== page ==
Infographics have been around for many years and recently the increase of a number of easy-to-use, free tools have made the creation of infographics available to a large segment of the population. Social media sites such as Facebook and Twitter have also allowed for individual infographics to be spread among many people around the world. Infographics are widely used in the age of short attention span.
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In newspapers, infographics are commonly used to show the weather, as well as maps, site plans, and graphs for summaries of data. Some books are almost entirely made up of information graphics, such as David Macaulay's The Way Things Work. The Snapshots in USA Today are also an example of simple infographics used to convey news and current events.
Modern maps, especially route maps for transit systems, use infographic techniques to integrate a variety of information, such as the conceptual layout of the transit network, transfer points, and local landmarks. Public transportation maps, such as those for the Washington Metro and the London Underground, are well-known infographics. Public places such as transit terminals usually have some sort of integrated "signage system" with standardized icons and stylized maps.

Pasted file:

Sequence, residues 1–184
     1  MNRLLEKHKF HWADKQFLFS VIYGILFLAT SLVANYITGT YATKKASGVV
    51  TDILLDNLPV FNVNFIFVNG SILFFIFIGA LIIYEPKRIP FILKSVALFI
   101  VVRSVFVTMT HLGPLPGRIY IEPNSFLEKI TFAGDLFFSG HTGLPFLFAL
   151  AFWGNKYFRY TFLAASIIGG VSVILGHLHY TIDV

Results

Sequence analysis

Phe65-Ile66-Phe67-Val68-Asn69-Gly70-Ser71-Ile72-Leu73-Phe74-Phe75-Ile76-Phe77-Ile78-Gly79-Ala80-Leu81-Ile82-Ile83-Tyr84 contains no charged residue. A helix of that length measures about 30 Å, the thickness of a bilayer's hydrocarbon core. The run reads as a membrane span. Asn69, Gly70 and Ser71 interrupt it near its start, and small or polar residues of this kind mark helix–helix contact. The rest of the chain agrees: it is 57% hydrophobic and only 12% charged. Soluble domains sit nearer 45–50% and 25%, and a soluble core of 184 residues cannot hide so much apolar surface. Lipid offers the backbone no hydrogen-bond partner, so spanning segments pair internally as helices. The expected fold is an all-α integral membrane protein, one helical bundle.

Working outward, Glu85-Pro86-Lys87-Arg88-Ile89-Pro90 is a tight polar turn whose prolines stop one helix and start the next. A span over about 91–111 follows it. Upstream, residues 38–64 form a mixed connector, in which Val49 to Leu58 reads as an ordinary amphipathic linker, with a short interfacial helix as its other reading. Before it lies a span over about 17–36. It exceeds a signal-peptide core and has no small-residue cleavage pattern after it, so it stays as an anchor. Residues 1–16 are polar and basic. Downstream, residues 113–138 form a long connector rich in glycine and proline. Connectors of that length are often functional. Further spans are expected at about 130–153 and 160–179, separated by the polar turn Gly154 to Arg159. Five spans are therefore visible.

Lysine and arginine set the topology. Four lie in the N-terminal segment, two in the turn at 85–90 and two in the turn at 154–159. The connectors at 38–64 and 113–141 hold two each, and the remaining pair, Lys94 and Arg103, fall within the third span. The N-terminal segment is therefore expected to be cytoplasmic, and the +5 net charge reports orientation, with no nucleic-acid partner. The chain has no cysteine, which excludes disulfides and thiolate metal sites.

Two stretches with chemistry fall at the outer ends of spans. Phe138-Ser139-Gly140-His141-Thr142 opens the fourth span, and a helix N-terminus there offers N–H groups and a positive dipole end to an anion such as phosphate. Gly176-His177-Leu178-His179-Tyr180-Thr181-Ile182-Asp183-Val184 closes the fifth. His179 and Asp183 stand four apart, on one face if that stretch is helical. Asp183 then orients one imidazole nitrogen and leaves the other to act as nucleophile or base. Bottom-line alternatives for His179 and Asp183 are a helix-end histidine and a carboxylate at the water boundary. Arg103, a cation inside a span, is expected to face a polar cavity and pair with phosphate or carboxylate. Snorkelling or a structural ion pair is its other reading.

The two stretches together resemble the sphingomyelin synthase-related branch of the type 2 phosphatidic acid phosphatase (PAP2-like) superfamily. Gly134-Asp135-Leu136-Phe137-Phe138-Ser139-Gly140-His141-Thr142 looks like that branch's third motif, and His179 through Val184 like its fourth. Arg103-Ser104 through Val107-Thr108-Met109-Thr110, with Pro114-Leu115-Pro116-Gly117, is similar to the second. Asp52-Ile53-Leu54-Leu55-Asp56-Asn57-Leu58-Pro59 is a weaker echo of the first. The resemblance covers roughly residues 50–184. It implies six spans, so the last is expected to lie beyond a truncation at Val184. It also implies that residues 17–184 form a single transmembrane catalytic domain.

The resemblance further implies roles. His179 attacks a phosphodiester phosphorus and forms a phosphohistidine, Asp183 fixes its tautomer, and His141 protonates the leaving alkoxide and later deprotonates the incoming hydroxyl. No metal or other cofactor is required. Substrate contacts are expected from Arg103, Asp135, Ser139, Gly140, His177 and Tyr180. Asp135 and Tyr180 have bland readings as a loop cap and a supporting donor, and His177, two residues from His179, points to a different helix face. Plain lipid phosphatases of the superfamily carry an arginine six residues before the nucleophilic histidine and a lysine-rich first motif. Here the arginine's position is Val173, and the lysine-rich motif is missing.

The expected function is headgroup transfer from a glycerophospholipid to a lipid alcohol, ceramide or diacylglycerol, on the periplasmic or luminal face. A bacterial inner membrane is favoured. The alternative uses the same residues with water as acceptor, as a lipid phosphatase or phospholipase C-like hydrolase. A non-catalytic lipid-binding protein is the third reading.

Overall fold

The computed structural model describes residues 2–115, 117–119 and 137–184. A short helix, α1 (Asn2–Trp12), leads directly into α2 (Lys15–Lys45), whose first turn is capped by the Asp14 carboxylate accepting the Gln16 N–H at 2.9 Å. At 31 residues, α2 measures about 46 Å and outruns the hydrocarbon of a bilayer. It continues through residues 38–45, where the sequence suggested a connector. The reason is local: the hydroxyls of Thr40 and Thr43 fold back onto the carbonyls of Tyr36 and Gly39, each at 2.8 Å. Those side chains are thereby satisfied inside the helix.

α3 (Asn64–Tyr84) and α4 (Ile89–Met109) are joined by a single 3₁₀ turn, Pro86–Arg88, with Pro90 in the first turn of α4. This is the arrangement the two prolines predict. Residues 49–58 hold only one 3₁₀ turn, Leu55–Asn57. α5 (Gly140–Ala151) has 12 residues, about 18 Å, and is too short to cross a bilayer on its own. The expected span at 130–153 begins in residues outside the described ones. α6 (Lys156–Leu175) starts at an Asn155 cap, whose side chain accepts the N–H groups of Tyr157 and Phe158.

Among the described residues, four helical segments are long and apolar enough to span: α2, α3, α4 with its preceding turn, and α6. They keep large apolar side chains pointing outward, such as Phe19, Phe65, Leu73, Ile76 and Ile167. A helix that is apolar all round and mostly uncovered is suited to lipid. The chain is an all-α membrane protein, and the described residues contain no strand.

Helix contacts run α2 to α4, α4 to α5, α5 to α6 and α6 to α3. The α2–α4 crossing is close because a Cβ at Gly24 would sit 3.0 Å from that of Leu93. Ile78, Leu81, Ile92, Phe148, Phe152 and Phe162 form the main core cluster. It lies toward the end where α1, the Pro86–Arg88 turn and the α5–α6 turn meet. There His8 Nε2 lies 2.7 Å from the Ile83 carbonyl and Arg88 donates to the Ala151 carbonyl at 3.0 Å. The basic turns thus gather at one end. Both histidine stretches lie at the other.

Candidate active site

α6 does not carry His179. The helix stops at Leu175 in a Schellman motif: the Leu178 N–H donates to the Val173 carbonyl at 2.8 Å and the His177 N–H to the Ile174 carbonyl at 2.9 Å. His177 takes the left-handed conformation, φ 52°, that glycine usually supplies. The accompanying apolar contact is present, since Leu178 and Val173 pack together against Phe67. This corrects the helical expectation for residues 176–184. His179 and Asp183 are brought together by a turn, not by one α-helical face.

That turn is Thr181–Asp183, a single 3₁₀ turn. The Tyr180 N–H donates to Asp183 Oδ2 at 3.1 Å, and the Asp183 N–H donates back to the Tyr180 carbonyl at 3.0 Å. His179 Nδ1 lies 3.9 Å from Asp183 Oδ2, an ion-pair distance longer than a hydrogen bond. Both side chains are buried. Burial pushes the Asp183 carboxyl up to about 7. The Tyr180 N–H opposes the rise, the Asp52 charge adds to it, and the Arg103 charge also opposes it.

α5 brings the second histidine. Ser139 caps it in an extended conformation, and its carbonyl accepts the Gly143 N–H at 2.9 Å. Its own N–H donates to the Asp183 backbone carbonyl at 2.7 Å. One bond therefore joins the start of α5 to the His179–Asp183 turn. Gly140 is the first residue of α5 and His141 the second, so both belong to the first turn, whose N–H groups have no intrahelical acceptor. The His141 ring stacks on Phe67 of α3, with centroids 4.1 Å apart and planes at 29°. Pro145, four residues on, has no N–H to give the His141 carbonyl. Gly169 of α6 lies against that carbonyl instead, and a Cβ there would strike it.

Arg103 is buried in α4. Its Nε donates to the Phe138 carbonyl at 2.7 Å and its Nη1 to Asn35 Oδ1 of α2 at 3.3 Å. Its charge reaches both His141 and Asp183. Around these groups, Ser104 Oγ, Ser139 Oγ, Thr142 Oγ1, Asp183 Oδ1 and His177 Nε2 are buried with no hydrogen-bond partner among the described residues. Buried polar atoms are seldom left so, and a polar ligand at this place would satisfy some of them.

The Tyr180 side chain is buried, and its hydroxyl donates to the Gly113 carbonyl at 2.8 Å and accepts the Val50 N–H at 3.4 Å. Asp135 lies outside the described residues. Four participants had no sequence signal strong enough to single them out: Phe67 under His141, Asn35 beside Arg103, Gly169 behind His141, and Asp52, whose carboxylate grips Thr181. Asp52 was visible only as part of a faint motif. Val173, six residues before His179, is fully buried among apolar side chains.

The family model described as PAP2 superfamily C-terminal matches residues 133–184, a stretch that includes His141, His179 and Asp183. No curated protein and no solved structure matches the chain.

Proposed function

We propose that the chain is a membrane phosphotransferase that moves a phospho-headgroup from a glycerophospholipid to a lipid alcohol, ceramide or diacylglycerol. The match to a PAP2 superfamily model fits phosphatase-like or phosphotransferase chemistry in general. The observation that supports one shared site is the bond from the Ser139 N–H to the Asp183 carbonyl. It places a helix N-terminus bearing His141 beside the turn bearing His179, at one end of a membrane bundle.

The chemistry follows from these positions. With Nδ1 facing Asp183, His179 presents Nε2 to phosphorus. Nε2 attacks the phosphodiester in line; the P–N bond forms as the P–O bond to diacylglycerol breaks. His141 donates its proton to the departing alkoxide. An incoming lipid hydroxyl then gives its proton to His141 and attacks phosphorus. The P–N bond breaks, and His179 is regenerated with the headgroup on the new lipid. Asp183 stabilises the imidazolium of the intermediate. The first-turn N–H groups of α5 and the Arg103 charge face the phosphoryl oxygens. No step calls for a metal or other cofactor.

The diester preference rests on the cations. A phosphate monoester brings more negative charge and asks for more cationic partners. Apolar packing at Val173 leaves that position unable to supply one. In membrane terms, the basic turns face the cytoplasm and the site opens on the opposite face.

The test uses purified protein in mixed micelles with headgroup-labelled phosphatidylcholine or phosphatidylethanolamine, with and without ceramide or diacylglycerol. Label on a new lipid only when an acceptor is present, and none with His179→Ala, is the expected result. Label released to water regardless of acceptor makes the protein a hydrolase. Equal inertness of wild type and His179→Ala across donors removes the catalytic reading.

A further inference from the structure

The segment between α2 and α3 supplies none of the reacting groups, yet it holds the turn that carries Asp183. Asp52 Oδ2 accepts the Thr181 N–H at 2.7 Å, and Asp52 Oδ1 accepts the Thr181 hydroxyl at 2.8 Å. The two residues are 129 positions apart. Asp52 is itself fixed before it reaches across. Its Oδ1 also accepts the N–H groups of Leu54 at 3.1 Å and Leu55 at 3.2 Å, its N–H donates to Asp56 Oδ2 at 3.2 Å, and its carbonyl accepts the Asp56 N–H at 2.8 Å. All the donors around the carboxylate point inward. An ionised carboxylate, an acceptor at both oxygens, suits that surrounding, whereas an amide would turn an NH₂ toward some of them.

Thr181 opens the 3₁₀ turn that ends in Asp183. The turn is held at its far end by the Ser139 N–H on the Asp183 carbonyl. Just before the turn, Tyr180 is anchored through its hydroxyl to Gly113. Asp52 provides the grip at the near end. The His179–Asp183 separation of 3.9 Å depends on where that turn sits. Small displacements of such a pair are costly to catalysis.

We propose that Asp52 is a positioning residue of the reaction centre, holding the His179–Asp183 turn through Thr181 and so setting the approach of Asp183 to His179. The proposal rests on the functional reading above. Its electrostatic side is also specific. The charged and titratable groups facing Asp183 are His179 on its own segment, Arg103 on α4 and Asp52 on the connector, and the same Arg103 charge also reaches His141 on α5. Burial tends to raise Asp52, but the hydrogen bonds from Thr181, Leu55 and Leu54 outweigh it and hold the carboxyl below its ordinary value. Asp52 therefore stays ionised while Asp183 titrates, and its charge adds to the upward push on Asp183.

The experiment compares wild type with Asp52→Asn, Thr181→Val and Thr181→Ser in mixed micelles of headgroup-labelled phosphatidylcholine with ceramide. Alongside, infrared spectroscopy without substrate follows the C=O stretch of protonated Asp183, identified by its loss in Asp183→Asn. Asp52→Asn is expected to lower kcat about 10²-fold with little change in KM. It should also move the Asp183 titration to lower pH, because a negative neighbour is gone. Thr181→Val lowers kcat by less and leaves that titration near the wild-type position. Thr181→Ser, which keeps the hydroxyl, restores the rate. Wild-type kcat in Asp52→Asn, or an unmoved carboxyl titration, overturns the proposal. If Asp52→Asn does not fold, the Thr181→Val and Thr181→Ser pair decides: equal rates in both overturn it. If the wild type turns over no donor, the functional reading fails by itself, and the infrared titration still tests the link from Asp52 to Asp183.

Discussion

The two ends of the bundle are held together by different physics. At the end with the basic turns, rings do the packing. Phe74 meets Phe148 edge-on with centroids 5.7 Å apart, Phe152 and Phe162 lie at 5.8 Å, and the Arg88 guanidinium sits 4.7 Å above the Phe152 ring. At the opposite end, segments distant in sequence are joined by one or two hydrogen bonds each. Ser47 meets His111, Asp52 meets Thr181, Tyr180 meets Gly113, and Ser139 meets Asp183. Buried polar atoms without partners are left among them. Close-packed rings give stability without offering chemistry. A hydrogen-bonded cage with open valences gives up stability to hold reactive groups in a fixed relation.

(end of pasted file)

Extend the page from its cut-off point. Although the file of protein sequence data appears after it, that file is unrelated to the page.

In his 1983 "landmark book" The Visual Display of Quantitative Information, Edward Tufte defines "graphical displays" in the following passage:
Graphical displays should
show the data
induce the viewer to think about the substance rather than about methodology, graphic design, the technology of graphic production, or something else
avoid distorting what the data has to say
present many numbers in a small space
make large data sets coherent
encourage the eye to compare different pieces of data
reveal the data at several levels of detail, from a broad overview to the fine structure
serve a reasonably clear purpose: description, exploration, tabulation, or decoration
be closely integrated with the statistical and verbal descriptions of a data set.
Graphics reveal data. Indeed graphics can be more precise and revealing than conventional statistical computations.